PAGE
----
He pointed at the station. “What the hell are those black specks off to the right?”

“Not sure. They kind of look like some sort of vehicle. But that doesn’t make sense.” She banked the machine over, giving him a slightly better view. “Are those snowcats?”

“They sure as hell look like cats. But that’s crazy. Who would bring a convoy of snowcats all the way up here? I’m pretty damn sure we’d know about this if the company had ordered it.”

“Bugger. I knew something didn’t feel right. I’ll do a low pass. See if we can get a better look before we commit to anything. But I swear—Josh is going to have a lot of explaining to do once I get my hands on the man.”

Beckett winked at her. “Not sure that’s really a threat but…”

He grunted when she hit him in the shoulder, some of the tension dissipating. He gave her a smile as she maneuvered the helicopter in line with the vehicles, losing enough altitude they’d be close enough to get a good look as they passed overhead. Movement by the machines caught his attention.

He cocked his head, trying to get a better bead on the object moving across the snow, but the damn shadows blurred the form into nothing more than a black blob. “Is that a person? What’s he holding?”

“I’m not…shit—”

Her voice cut off as the Plexiglas on the bubble cracked, a sharp metal ping sounding close to his head. McKinley reacted, shoving the cyclic forward, nearly throwing him against the front console as his stomach hit the back of his throat then plummeted into his boots. The straps from the belt cut into his shoulders and waist, knocking the air out of his lungs.

He braced his arm against the doorframe as another series of pings echoed outside. “What the hell?”

“They’re fucking shooting at us.” She banked hard one way, then the other, aiming straight for the ground as the chopper picked up speed. “Hold on. Let’s see if those bastards can matrix their asses out of the way when I’ve got her pegged at full throttle.”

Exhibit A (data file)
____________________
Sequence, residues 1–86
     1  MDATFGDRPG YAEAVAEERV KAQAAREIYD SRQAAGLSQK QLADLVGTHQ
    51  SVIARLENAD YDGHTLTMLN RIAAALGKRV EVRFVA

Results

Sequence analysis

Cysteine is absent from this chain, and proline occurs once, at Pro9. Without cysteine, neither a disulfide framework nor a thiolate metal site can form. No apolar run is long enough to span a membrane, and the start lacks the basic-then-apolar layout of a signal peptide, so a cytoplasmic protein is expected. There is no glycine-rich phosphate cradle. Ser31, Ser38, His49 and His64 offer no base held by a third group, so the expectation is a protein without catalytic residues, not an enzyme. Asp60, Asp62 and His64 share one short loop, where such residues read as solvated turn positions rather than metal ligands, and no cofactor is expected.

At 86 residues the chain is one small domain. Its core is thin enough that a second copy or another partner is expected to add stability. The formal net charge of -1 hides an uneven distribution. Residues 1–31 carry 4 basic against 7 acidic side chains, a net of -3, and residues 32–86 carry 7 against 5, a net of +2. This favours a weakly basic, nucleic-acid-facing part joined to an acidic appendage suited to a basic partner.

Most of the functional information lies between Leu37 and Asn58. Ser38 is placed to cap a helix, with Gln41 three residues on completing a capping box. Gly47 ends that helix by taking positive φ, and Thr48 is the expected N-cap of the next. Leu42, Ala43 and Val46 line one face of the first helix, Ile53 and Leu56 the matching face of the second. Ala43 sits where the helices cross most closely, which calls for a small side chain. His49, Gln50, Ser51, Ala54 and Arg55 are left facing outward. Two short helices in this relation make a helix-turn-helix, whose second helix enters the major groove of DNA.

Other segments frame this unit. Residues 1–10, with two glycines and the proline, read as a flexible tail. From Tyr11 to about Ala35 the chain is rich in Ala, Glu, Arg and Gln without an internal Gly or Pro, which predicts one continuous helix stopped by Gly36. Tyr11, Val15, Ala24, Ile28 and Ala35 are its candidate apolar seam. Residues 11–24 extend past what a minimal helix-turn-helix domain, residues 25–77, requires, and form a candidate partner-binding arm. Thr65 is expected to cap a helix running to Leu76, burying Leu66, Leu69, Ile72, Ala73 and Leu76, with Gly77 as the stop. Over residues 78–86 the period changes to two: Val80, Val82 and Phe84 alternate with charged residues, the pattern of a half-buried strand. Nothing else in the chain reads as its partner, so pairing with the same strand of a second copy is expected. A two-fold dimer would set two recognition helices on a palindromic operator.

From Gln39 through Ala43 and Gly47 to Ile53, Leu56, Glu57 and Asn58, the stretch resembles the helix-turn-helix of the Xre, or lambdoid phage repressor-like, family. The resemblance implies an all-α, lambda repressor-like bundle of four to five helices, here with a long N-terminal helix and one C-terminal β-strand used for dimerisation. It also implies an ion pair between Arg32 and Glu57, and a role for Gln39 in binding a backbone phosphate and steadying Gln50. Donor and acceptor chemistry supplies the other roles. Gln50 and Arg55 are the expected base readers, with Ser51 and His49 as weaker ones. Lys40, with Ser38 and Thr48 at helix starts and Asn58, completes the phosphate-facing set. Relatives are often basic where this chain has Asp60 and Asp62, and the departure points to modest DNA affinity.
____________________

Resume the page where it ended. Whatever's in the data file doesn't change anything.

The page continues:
Beckett fisted the frame as the helicopter all but dropped out the sky, losing what little altitude they’d had in a matter of seconds. The nauseating maneuvers blurred the surrounding landscape as it rushed past the windows, reducing the scenery into a wash of white and gray. More shots hit the fuselage as she bore down on the men holding what looked like assault rifles before they dove for cover, blasted by the downwash from the blades as she soared over top, missing them and the machines by a few feet. Vortices of snow followed the helicopter’s path as McKinley sailed across the surface, covering everything in the aircraft’s wake with a blast of whirling powder.

“God damn, McKinley. You’re going to fly this thing into the ground.”

“Not quite. But I bet my ass they’ll have a hard time pinpointing us when we disappear behind the bunkers.”

“The bunkers? Shit, they’re only fifteen feet high.”

“I know.”

She banked hard again, pelting the sides of the bunkers with a blast of icy snow as the helicopter skimmed across the surface, following the line of buildings before angling toward a copse of trees to the north. Beckett twisted in his seat, trying to look out the back when one of the snowcats appeared amidst the swirling flakes. Something moved along the back of the machine before a long arm pointed toward them.